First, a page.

How can we transform our city? Lessons from London’s Mini-Holland

Our AGM will be taking place on Thursday 15th June at 7pm in the Showroom cafe bar, and we’d love for you to join us.

This year we’re delighted to welcome Paul Gasson – from the Waltham Forest branch of London Cycling Campaign and a leading figure behind the Waltham Forest Mini Holland scheme – to talk about his experience of the project.

The aim of Mini Holland was to transform the borough into a place for cycling and walking by reducing traffic on residential streets, redesigning high streets to provide space for people, and introducing Dutch-style segregated cycleways.

Orford Road before Mini Holland

and Orford Road after Mini Holland

The scheme has produced dramatic results. Streets that were once shortcuts for speeding motor traffic are now safe spaces where children can play and busy main roads now have high quality, separate space for cycling. Traffic on key roads had fallen by 56 per cent, with 10,000 fewer vehicles per day, and overall traffic in the Borough had reduced by 16 per cent. This success has prompted campaigners to call for the introduction of Mini Holland-inspired schemes in towns and cities across the country.

East Avenue before Mini Holland

and East Avenue after Mini Holland

Paul will provide a valuable insight into how Mini Holland has changed Waltham Forest for the better; the challenges they faced in implementing the projects and how they were able to counter the ‘bikelash’. It’s also a fantastic opportunity to find out what lessons can be learnt from the Waltham Forest experience and how we can help to replicate the success in Sheffield.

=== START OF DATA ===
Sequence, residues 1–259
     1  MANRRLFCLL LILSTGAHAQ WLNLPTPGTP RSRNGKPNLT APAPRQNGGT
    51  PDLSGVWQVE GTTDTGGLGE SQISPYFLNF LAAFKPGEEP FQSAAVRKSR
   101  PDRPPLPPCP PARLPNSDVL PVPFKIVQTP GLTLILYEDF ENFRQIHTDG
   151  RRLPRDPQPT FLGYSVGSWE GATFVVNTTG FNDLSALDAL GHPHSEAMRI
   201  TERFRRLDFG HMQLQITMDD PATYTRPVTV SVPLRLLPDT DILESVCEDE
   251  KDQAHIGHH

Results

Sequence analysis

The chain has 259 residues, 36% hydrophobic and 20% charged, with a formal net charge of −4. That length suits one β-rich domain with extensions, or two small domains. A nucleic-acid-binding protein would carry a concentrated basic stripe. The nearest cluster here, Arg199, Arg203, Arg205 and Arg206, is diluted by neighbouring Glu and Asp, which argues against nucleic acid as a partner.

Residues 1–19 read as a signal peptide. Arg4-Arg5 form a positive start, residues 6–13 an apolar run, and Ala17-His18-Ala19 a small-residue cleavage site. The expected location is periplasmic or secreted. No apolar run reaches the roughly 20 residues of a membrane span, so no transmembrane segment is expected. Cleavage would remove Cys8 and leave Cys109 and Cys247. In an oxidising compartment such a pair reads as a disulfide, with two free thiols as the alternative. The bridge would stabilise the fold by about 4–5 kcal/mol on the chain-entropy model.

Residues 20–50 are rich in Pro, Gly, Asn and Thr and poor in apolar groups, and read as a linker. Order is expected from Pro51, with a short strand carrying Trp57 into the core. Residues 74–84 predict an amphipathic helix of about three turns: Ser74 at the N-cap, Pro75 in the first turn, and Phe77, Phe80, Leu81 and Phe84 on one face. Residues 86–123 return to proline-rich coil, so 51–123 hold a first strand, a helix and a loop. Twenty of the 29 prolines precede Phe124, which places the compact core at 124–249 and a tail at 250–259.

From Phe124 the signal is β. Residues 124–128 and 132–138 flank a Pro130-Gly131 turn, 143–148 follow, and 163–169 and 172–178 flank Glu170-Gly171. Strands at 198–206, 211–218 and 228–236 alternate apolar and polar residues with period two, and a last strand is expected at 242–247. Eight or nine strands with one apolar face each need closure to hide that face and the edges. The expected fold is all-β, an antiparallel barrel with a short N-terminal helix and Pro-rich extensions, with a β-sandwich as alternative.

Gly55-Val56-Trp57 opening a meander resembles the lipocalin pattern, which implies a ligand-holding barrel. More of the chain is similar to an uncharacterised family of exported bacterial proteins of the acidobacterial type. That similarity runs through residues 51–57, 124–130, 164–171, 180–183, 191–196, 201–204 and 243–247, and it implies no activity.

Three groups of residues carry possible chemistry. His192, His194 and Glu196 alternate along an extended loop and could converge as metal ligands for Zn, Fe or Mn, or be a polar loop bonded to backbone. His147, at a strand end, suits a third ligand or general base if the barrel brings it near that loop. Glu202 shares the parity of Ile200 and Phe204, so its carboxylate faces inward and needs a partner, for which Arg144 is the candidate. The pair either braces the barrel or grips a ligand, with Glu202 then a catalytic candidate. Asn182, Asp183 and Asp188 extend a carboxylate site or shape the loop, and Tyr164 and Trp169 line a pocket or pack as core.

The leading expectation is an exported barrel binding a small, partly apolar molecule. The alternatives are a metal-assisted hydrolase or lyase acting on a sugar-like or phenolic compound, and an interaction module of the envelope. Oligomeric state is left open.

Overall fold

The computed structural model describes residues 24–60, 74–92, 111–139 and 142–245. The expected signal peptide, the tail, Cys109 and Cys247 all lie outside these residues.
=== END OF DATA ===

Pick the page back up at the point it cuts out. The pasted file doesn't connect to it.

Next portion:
Join us on Thursday 15th June from 19.00 at the Showroom cafe bar. As well as Paul’s talk, the AGM and social will be a great opportunity to meet other supporters. We are also looking for people to join the CycleSheffield committee and help us campaign for a more cycle-friendly Sheffield.

Email if you’d like to get involved, or to find out more.

You can view/download the presentation here.

5 thoughts on “How can we transform our city? Lessons from London’s Mini-Holland

  1. as a cyclist I’ve seen and been involved in many incidents, some as insignificant as being tutted at for mounting a pavement to close shaves with all manner of motorised vehicles.
    On 11th April, my most recent dispute was with a tram on infirmary road. Travelling towards Hillsborough just past the Tesco superstore.approaching mikes motorcycles.
    a tram came up behind me and proceeded to honk his big horn initially startling me and almost causing me to lose control.for the next couple of hundred yards for about 10 seconds he continued to harass and intimidate me until i could get out of the way safely.
    As i passed Morrisons the tram was sat at the Hillsborough stop. I continued home and even managed to pass the tram on Holme Lane. When i tried to get the drivers details he grabbed me by the throat and arm and forceably pushed backwards. He then closed the doors, told me to get off or he would call the police then drove off. despite voluminous requests, leaving my bike unattended at the Malin Bridge terminus. I immediately reported the incident of assaulted. I emailed details to the tram company complaints a couple days later. When i went to Snig Hill I was cautioned and told the driver had made a similar claim, even down to an injured arm, as i had
    I gave my version of events but discover that there is no audio on tram cctv which would have proved I made no threats as claimed.
    I received court papers on Tuesday 13th June and i’m charged with beating the driver, who stands head and shoulders taller and several sizes wider and riding my bike without due care and attention.
    i’m on benefits and cannot afford a solicitor. can anyone please help or advise. i’m in court in 2 weeks.

  2. Could you contact CTC (Cycle England now I think) and someone from their Road Justice campaign about this ?

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